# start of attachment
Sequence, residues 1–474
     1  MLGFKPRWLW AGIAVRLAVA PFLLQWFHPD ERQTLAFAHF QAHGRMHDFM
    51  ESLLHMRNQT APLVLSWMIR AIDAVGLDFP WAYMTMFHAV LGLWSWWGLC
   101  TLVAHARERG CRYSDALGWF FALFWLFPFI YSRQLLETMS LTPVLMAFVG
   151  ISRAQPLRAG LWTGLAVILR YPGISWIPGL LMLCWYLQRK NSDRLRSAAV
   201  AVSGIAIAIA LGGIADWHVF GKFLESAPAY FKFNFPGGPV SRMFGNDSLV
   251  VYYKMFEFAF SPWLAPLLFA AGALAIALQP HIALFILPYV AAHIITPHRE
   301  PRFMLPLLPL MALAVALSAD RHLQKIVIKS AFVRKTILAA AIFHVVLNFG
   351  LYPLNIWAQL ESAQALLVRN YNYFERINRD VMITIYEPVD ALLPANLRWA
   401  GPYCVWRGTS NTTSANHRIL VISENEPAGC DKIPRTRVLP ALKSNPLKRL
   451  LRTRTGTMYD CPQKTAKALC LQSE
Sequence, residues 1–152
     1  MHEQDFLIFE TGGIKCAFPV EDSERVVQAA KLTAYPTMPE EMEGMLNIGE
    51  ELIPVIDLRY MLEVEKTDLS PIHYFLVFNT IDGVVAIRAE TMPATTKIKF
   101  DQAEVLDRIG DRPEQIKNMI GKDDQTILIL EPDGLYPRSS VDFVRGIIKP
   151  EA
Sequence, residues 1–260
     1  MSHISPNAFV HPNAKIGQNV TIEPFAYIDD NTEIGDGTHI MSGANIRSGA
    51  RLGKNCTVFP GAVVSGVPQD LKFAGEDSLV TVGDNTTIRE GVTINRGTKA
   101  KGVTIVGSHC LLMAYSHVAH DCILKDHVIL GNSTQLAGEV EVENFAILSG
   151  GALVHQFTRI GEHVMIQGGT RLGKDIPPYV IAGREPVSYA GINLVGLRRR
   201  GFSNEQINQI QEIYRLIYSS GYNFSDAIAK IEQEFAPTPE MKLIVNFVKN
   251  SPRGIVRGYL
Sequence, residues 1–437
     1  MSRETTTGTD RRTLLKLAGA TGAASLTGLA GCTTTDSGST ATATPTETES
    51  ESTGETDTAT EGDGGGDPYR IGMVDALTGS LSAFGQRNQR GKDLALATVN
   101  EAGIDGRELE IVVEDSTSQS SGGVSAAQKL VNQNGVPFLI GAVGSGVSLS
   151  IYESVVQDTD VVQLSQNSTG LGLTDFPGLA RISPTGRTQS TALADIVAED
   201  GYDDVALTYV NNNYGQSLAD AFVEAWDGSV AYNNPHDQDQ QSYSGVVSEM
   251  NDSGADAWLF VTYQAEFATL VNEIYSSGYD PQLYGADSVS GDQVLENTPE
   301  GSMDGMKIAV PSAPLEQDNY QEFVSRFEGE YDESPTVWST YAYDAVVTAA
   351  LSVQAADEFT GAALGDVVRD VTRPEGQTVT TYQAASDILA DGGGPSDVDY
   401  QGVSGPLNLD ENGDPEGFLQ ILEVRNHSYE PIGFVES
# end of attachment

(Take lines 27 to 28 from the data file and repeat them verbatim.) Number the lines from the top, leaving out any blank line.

   101  EAGIDGRELE IVVEDSTSQS SGGVSAAQKL VNQNGVPFLI GAVGSGVSLS
   151  IYESVVQDTD VVQLSQNSTG LGLTDFPGLA RISPTGRTQS TALADIVAED